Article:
Eureka!

OK, so the title is possibly a bit… er… misleading. But I will get to it, I promise.

First, a quick house update: still going. The contractor recovered from Covid and was back yesterday (Thursday) to put the next coat on the drywall patches. But because it’s winter and the house isn’t exactly 95°C (or even F) inside at the moment, it’s taking longer to dry than it otherwise might. The plan is for him to come back on Monday morning and finish that up.

Once that is done there is a door to trim out, and we need something to extend the bottom of one of the new gates to keep dogs contained in the fullness of time. That’s it. After that we’re done with contractors for the foreseeable future.

In other news:

My certificate of Canadian citizenship finally arrived. I know it’s a lousy photo and I am sorry about that. I hope you’ll pardon me if I don’t put the vital parts of an identity document up on the internet. Seems like a bad idea.

But this is great news and I am now preparing the stuff needed to get a Canadian passport. I have an appointment with Service Canada in mid December to make that happen. I am a happy camper.

The other project I continue to work on is my rather silly air filter.

That’s my first fan assembly being glued together. (I need more clamps. I hate the C clamps I have, but I only have a few other clamps and they would not cooperate with the C clamps I had to use in this case. Someday I will blow a lot of money on new clamps, but this was not the time for that.)

Anyway, now that the glue has dried the assembled pieces look like this:

I have given up on the idea of painting this thing for the time being. Should I change my mind it will be a lot of work to disassemble it, but that’s OK.

As for the wide sides that hold the filters in place:

What you see are neodymium magnets glued into an exterior cover, and screws in the corresponding locations on the frame. And you can just make out the bottom cover which is permanently attached. Slip the filter in, slap on the three magnetically held covers, and off you go.

Sadly I did make one mistake while working on the magnets for the last cover piece. I am currently recovering from that with the help of a newly purchased plug cutter. It will be an obvious patch, but that’s what happens when you drill too deep. Sigh. Photos to follow later.

I hope to get to some serious assembly today, if time allows.

In weather news: snow. The threat was 20cm, which we did not get. But we did get 10cm or so and it is falling again very lightly now. It’s also been cold so the snow is sticking around, even several days after the original event.

And finally, the reason for the title, and what I have been keeping you in suspense about all this time. Prepare for disappointment.

Last night Anne and I engaged in one of our holiday traditions: watching How the Grinch Stole Christmas (the original 1966 cartoon) and A Wish For Wings That Work (an obscure but lovely cartoon based on characters from the comic strip Bloom County, including Opus and Bill the Cat).

At one point the Grinch complains about all the noise the Who girls and boys will make on Christmas morning. And during that scene there are many shots of them in their homes. Here are two I could find on the internet:

Let’s pause to consider those. The first shows a train big enough to hold three children on a track that goes off screen on both sides. In addition it has a tree that is at least three times taller than the children. If we assume the kids are three feet tall that makes the tree over nine feet tall, but it’s actually taller than that because it’s in the background. Also note no ceiling is visible. This room is clearly vast.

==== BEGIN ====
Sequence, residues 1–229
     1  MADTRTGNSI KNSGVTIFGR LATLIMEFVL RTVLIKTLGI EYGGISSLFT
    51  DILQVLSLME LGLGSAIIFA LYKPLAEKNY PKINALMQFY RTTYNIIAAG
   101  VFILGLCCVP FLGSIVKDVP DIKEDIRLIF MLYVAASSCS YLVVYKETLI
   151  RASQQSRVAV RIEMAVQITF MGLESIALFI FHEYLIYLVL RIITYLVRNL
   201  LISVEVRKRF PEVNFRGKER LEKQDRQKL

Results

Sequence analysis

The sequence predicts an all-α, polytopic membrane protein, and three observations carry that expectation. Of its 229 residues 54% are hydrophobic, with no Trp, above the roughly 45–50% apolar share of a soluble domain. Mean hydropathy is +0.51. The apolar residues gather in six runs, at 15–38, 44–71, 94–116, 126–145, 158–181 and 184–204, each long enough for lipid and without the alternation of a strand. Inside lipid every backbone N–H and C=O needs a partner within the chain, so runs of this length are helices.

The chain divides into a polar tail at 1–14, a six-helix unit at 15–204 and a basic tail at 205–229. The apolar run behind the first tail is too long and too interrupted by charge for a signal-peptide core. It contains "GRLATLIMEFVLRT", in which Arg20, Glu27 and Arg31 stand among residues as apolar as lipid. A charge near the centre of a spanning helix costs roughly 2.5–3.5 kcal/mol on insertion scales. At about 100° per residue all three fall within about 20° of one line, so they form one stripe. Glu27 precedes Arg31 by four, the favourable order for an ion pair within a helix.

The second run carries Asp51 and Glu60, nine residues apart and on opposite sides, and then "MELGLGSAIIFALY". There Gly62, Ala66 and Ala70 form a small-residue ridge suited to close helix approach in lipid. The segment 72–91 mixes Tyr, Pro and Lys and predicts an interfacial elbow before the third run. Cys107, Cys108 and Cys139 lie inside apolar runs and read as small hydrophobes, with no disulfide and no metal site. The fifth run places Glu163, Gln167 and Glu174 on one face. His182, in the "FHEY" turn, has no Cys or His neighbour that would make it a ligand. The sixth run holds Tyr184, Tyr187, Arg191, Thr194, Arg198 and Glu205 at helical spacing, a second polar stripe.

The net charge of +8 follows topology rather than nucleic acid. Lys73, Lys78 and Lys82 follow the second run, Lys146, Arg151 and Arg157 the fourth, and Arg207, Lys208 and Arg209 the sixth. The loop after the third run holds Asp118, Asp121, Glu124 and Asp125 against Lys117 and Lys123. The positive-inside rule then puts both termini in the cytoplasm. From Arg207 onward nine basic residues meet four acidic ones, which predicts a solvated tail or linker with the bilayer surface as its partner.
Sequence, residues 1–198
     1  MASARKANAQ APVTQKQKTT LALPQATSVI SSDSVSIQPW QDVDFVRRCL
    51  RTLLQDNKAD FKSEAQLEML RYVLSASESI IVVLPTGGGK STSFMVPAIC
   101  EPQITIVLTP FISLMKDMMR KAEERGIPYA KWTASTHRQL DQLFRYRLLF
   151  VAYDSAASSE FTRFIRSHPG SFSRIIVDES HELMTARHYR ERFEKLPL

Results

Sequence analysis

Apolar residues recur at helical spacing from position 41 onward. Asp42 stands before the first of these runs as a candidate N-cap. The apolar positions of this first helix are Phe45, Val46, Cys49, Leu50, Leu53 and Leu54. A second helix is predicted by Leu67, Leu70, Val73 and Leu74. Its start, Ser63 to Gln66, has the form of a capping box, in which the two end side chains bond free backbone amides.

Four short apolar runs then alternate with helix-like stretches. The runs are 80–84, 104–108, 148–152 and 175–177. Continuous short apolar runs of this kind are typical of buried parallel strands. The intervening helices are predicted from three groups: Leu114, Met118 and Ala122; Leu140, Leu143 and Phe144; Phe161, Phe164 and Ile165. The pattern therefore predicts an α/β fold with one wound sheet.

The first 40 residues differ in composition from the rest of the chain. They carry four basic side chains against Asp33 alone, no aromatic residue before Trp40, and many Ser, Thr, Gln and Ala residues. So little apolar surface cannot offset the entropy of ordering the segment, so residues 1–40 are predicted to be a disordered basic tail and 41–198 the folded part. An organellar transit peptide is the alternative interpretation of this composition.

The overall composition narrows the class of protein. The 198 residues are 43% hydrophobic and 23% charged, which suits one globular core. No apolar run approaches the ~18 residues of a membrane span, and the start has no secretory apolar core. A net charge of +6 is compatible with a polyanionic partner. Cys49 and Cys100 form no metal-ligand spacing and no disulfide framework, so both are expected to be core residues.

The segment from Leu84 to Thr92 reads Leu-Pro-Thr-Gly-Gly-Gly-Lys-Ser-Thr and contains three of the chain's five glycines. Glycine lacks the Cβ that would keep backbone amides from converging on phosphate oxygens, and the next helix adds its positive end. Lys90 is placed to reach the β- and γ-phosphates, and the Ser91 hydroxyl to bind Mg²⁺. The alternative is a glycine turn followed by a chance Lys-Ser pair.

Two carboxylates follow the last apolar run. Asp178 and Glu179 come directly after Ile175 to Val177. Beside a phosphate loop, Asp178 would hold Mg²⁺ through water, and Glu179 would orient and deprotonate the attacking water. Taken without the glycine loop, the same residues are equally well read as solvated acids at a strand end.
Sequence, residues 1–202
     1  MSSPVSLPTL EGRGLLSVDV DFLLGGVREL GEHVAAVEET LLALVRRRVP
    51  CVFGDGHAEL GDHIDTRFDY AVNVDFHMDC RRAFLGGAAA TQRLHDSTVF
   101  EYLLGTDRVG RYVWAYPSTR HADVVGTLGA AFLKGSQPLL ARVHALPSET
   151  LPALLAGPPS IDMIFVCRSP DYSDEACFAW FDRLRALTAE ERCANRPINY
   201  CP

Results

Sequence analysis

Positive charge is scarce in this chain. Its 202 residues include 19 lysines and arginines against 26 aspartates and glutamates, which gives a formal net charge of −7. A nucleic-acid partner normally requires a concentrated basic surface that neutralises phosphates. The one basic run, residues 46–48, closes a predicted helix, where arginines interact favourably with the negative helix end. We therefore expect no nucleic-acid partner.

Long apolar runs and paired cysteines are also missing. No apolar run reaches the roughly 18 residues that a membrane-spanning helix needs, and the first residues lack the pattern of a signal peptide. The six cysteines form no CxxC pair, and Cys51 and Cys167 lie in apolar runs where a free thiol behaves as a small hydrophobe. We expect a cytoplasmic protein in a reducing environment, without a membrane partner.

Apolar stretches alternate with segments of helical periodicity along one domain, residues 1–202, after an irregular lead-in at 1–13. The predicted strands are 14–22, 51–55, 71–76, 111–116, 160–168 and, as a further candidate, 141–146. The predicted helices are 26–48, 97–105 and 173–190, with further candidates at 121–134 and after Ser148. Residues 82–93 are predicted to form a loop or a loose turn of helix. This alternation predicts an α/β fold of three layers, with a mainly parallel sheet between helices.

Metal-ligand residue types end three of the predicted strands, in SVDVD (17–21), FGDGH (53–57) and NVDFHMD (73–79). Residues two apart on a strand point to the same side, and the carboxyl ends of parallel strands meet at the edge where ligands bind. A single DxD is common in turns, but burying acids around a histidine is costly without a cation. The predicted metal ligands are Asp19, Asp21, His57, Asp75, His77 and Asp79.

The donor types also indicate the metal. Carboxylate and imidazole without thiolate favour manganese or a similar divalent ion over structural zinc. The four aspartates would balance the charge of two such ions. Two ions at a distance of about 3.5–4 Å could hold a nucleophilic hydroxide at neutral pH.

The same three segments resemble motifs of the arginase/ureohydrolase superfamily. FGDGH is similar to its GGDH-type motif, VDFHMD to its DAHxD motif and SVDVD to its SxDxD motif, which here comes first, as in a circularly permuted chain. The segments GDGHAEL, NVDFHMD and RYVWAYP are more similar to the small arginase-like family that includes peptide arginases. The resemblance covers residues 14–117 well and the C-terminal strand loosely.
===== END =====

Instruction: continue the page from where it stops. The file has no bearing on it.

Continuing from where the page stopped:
The second image shows six adult (?) Whos playing an electro who-cardio floox. That instrument is exceedingly large — much taller than the doorway behind it — and yet it fits inside the house. And once again no ceiling is visible.

There is only conclusion we can draw: Whos live in incredibly large houses containing vast open rooms.

But that doesn’t seem possible. Consider these views of the houses in Whoville:

Clearly the Whos live in detached single family homes, generally having two floors and appearing relatively small. We can also see windows and exterior doors aplenty.

And — to be clear — the interior scenes do show windows going by, even if the ones I could find online don’t include them.

I can’t see getting that electro who-cardio floox into any of the homes pictured around the central plaza in Whoville. None of them have a roll up door suitable for the job, nor the apparent interior space needed to operate it.

Figuring out how to reconcile the interior and exteriors of Who homes was my “Eureka!” moment, a bolt of pure joy that I will probably never again experience in my lifetime.

Whoville is on Gallifrey, and the Whos are actually Time Lords!

Consider: What else is bigger on the inside than outside? A TARDIS, of course. It’s so obvious. The Time Lords figured this technology out and live with it, just like the Whos.

And just look at how the Whos dress:

For comparison:

And that’s not even including the Time Lords in charge back on Gallifrey:

And finally, if you look up when Dr. Who originally began, you will see it was in 1963. The Grinch came out in 1966. Coincidence? I think not!

So, given the similarly wild taste in clothing, houses that are bigger on the inside, and the relative introduction dates of Dr. Who and How The Grinch Stole Christmas, the fact that the Whos are Time Lords is an obvious deduction. I don’t know how I didn’t see it before.

But who is the Grinch?

Well, I’ll just leave you with this:

Perfect. Just perfect.

Cheers!

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Jeff Powell

Sculptor/Artist. Former programmer. Former volunteer firefighter. Former fencer. Weirdest resume on the planet, I suspect.